Hope you all had a lovely weekend! It snowed here last night (FINALLY!!) and later this week we’re supposed to hit windchills of -40 to -50 degrees! (But hey, all the creepy-crawlies around here are all well and truly dead… so that’s a plus)!
Remember, this is the last full week of read-along posts because FEBRUARY IS FANTASY MONTH starts on Friday! I’ve got 20+ bloggers signed up to bring you all sorts of fantasy awesomeness on their blogs, and I’ll be posting the schedule and more info on Friday morning before the afternoon read-along post. Then, through February, we’ll alternate: M/W/F posts for the read-along, with T/TH posts about fantasy stuff.
(I’m already getting some of my posts written, but if you have ANY requests of things for me to write about for my FIFM posts, please let me know in the comments and I’ll try to accommodate!)
Today we begin the second part of this book. Rhoyan has a new name (Brant), he’s on a new adventure, and I’m sure exciting times are ahead of him, so let’s find out what he’s up to, shall we?
The chase is on
Poor Brant! Even slipping away under the cover of darkness is not enough to keep him safe. Scarcely has he begun to flee than he realizes that he is being chased.
As he flees, desperately racing to stay ahead of the larger vessel, Brant avoids sleep as much as possible. I was kind of shooting for the same feel I get whenever I watch “The Spirit of St. Louis” – if you haven’t seen it, I definitely recommend it – but for a good part of the movie you’re just watching Charles Lindberg struggling to stay awake so he doesn’t crash his plane in the Atlantic Ocean! I didn’t want to drag that out, but I did want to capture that sort of feeling.
Thus, when a storm hits and he needs his wits the most… they abandon him and he curls up in his cabin and falls asleep, unable to sort out what to do to keep himself and his ship intact.
Miraculously, the ship makes it through the storm and gets tossed up on the jagged rocks of an unfamiliar shore.
A vast desert stretched in every direction
Confession time: I’ve never been to a desert. The closest I’ve ever gotten was the sand dunes on Lake Michigan. (No comparison at all, I know). But they feature heavily in Second Son and King’s Warrior for a couple of reasons. 1) I grew up watching movies like Lawrence of Arabia, The Black Stallion Returns, Sahara, and Capricorn One, in which deserts kind of featured a lot, and I think they just kind of strike me as mystical places. 2) When I was writing King’s Warrior, my family and I went to Lake Michigan and spent some time walking around on the beach. It was too cold to go swimming, but warm enough for shorts, and I was the only one wearing shorts. It was also ridiculously windy, and the sand kept blowing against my bare legs and stinging really bad… and my family just laughed at me as I walked along going, “ow! Ow! OW!!!!!!”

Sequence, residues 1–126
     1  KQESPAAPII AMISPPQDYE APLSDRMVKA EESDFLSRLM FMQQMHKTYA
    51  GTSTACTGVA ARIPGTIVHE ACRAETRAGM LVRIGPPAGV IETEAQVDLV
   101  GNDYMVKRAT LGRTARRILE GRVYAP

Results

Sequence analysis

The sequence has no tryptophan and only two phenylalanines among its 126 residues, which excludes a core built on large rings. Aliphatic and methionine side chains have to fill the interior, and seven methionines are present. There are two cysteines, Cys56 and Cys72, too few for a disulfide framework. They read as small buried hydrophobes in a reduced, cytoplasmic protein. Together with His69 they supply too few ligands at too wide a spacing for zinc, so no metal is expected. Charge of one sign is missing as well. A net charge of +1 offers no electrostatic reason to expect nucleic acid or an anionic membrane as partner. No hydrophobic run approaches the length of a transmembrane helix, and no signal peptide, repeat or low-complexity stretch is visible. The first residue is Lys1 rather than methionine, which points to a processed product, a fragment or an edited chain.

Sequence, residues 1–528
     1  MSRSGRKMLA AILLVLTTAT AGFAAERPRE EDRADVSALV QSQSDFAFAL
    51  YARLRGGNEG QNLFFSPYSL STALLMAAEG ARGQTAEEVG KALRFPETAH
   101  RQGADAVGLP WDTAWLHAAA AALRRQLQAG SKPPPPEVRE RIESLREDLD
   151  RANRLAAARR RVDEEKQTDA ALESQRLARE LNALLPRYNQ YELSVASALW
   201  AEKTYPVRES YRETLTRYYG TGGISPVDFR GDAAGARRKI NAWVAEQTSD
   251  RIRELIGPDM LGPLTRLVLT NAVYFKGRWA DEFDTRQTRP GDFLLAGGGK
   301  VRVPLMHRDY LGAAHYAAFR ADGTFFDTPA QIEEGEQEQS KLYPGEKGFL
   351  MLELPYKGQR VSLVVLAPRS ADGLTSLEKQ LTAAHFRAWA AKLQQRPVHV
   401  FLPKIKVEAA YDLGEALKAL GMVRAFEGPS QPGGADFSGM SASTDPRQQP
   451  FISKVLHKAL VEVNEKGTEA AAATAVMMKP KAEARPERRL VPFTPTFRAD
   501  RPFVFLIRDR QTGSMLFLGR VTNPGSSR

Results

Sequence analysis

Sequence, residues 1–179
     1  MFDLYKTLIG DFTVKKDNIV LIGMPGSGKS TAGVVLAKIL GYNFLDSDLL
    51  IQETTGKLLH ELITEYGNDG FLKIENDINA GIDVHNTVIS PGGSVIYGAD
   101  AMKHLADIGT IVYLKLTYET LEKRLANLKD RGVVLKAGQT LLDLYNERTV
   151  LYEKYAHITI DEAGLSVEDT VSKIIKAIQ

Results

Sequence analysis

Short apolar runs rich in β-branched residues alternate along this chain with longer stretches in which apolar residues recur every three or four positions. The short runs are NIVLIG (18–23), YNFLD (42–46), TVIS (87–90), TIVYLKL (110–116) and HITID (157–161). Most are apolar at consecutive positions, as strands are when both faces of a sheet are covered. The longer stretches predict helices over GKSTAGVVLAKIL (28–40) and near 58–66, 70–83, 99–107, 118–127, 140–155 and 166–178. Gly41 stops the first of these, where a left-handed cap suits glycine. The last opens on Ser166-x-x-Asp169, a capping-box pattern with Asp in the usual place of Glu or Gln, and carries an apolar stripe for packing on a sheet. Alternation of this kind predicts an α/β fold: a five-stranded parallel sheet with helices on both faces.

From that experience, the Harshlands were born. I picture them as a sort of cross between the Sahara desert (though not nearly so big) and the Arizona canyons and deserts of red rocks and shale. Somewhat barren and lifeless… and yet with a majestic beauty that cannot be denied.
“Let the prophecy take me… I have reached the end.”
After days at sea, hours in the desert, dehydrated, sore, weary, his skin ripped to shreds by the relentless wind and stinging grains of sand, and beginning to struggle against severe paranoia, Brant reaches the end of his own strength. For the first time in his life, he gives up and acknowledges that there is nothing more he can do.
And it is at this moment, that help arrives.
“Do you need help?”
The appearance of a young man, about his own age, offering help is hard for Brant to accept. Not because he doesn’t want help, but because he has learned to be distrustful. But he is at the end of his rope and so he follows the young man home, where he instantly feels more out of place than he has ever felt in his entire life!
However, these people welcome him with open arms. They care for him, tend his wounds, feed him, and Barr even offers him a job in return for room and board, an offer Brant gladly accepts. He is ready to begin a new life: a simple life on a farm with kind and caring people and perhaps a new friend, as well.
Discussion Questions:1. What did you think of the Harshlands? 2. Were you “taken in” by Brant’s dream? 3. What do you think of Arnaud and his family?